With the fear of an economic crisis emerging, companies had to cut their budgets. One of the first places to see significant financial cuts is in the marketing budget. As important as these functions are for the growth and development of a company, a company must manage its marketing expenses according to the revenue. Given the lower disposable income in the overall economy, it makes sense for companies to look for ways to reduce budget requirements that are not critical to the company's basic operations.
Despite this cut in marketing spend, companies want to continue to develop campaigns that keep their products and services in the public eye. The only way to do this is to make advertising spending more efficient. Making the most of the smaller ad budget available should be a company's most critical marketing goal.
These Ad Age Collective entrepreneurs are familiar with getting the most out of a tight budget. We asked them to share their insights on how businesses can get the most out of tiny advertising budgets. Here's what they had to say.
1. Start the research.
You need to understand what your audience is going through before launching advertising campaigns. Are you able to buy? Do all other systems work like logistics? It only makes sense to advertise if people can still carry out normal buying activities. Learn what's happening to your audience so you can make better decisions. – Syed Balkhi, WP Beginner
2. Focus on the results.
This is a crucial time for many companies, and it has never been so important to focus on advertising spend directly related to a result. This can mean temporarily reducing your brand spend in favor of investing in performance marketing. Keep an eye on the cost per acquisition – everything is fine now. – Michael Lisovetsky, JUICE
3. Reinforce reinforced media.
Find positive articles about your company or the problems that your solutions solve for customers and expand these articles on social media. In this way, you combine the credibility of third-party media with the precise targeting of digital advertising to get the best for your money. By combining them in this way, you can fully leverage your PR efforts and advertising costs. – Dan Beltramo, Onclusive (formerly AirPR)
4. Be flexible and listen.
During a crisis – and earlier – brands need to make their spending more flexible and able to move messaging quickly. Do not do anything outside of the brand, but show that you are listening and empathetic. In times of crisis, turn to social or earned media to reach your audience quickly and authentically. And if possible, realign advertising and news to meet the needs of consumers at this time and as they change. – Maggie O & # 39; Neill, Peppercomm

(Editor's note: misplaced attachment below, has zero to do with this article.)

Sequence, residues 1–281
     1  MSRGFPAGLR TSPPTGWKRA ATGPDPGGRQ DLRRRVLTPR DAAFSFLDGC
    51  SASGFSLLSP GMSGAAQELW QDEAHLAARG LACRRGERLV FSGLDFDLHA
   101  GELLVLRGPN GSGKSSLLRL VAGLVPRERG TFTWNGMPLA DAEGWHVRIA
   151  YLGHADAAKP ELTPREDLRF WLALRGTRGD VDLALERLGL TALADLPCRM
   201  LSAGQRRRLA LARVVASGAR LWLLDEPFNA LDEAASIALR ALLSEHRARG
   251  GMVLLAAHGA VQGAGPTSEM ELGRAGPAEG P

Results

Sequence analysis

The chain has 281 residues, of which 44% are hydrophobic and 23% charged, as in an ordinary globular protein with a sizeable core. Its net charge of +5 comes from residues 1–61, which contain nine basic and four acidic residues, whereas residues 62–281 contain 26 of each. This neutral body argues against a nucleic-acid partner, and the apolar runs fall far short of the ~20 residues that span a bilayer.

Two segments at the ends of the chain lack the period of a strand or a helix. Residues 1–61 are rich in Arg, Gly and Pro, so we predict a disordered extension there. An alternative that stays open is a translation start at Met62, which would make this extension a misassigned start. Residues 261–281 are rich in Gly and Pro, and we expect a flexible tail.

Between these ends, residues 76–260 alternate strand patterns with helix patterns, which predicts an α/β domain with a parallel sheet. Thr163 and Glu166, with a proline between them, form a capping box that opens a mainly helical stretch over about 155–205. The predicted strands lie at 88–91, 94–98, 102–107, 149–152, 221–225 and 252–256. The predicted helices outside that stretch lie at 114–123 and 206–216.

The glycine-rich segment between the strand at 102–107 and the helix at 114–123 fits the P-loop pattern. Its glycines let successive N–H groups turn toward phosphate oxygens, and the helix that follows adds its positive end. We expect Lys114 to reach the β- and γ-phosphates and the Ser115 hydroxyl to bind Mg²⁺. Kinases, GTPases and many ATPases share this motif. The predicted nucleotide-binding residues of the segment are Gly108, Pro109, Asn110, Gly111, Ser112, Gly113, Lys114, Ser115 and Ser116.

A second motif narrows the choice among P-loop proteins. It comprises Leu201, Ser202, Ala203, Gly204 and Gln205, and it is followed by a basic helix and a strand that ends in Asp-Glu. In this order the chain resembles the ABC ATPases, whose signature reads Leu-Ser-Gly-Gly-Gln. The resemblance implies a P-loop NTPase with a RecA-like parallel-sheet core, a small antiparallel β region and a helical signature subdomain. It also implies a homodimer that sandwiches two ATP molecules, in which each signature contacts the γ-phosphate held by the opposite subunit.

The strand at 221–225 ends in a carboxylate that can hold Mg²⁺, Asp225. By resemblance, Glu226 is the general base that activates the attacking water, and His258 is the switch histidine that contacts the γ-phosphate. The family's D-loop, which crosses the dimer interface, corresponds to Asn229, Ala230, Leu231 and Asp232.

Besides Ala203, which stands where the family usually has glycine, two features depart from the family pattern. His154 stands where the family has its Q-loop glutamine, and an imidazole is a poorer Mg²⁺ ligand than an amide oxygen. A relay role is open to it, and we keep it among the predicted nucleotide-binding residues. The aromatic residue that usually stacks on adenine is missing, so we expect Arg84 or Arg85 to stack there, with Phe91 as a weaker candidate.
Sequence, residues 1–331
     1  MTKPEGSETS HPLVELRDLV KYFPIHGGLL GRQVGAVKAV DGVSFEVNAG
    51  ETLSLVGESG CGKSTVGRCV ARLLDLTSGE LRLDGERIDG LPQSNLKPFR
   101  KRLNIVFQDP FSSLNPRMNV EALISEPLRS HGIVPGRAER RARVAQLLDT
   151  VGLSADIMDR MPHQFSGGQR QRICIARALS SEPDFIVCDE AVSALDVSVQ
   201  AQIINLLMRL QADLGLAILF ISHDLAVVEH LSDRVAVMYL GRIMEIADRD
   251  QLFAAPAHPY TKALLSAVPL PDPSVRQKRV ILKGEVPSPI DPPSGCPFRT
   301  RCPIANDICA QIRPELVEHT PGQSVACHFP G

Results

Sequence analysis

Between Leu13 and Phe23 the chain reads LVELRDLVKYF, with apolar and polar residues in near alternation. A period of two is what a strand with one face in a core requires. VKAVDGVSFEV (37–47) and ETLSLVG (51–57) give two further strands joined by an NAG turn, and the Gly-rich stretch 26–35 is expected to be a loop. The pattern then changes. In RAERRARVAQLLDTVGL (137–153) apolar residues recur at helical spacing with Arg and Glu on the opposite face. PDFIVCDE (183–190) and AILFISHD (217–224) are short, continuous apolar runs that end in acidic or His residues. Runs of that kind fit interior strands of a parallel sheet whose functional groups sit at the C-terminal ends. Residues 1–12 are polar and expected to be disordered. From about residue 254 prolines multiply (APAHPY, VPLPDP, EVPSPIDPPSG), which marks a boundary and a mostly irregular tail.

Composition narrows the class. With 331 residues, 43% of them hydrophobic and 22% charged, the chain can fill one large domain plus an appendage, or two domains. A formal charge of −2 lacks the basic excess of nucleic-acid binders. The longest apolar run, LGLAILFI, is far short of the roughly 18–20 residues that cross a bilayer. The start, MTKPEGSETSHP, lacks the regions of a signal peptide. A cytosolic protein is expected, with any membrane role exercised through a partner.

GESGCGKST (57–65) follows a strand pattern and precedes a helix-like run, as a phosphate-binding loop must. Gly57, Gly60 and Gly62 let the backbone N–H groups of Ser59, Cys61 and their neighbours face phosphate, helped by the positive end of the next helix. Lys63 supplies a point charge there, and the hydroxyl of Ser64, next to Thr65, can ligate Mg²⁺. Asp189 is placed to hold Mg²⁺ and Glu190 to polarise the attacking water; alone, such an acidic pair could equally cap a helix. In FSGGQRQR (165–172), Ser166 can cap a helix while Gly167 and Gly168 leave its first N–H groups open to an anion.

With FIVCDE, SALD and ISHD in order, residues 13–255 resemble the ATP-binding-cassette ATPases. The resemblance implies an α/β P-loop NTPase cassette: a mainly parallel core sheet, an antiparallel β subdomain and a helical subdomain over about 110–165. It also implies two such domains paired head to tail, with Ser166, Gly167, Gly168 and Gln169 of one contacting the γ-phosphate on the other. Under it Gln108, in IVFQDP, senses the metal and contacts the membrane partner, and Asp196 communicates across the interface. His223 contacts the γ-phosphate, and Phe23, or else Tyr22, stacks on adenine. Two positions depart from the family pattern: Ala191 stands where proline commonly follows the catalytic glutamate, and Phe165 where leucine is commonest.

5. Invest more in acquisitions and SEO.
With many advertisers cutting back on ad spending and customers spending more time online, now is the time to invest in acquisition efforts. CPMs have decreased due to lower demand and increased inventory. Prioritize high and medium funnel messages to build brand awareness, recall and trust. Also consider investing more in SEO. A high quality, relevant online experience helps maximize sales potential. – Chad Robley, Mindgruve
6. Do fewer things and do them better.
Focus on a few things and choose them based on areas where you have the highest tendency to succeed. Build on the industries where you have built a good reputation. Finally, make a call to action and pour your heart into it. Remember, if you had a first date and liked the person, you only want a second date. What corresponds to your call to action for a second appointment? – Arjun Sen, Zen Mango
7. Link the advertising measures directly to sales.
Marketers and advertisers often despise sales and prefer living in the world of ROI based on impressions, awareness, and engagement. As contrary as it may be, in a crisis you have to make peace with the sale. If you tie your advertising measures directly to sales in the short term, this benefits your company and gives you resources to invest in longer-term initiatives in the course of the crisis. – Patrick Ward, Rootstrap
8. Send the right message to the right people.
With multiple industries cutting or eliminating media spending, budgets can now go further than ever. Without sophisticated audience segmentation, brands run the risk of repeatedly hitting the same customers or delivering ineffective messages to the wrong people (while results look better than before). It's time to segment your audience deeper to get the most out of your budget. – Reid Carr, Red Door Interactive
9. Use the competitive advantage and connect emotionally.
To win during and after a crisis, brands do two things: 1) When others cut advertising spending, they use competitive advantage to ensure that their brand's share of the vote is higher than their market share. 2) They shift messages to connect emotionally on a large scale, and show real commitment to serving communities and customers. The increase in brand affinity, the intention to buy and ultimately the market share gains ensure maximum ROI. – Sean Cunningham, VAB
This article was written by Ad Age's Ad Age Collective Expert Panel and legally licensed through the NewsCred Publisher Network. Please direct all license questions to firstname.lastname@example.org.
Originally published on June 29, 2020 at 4:33 p.m.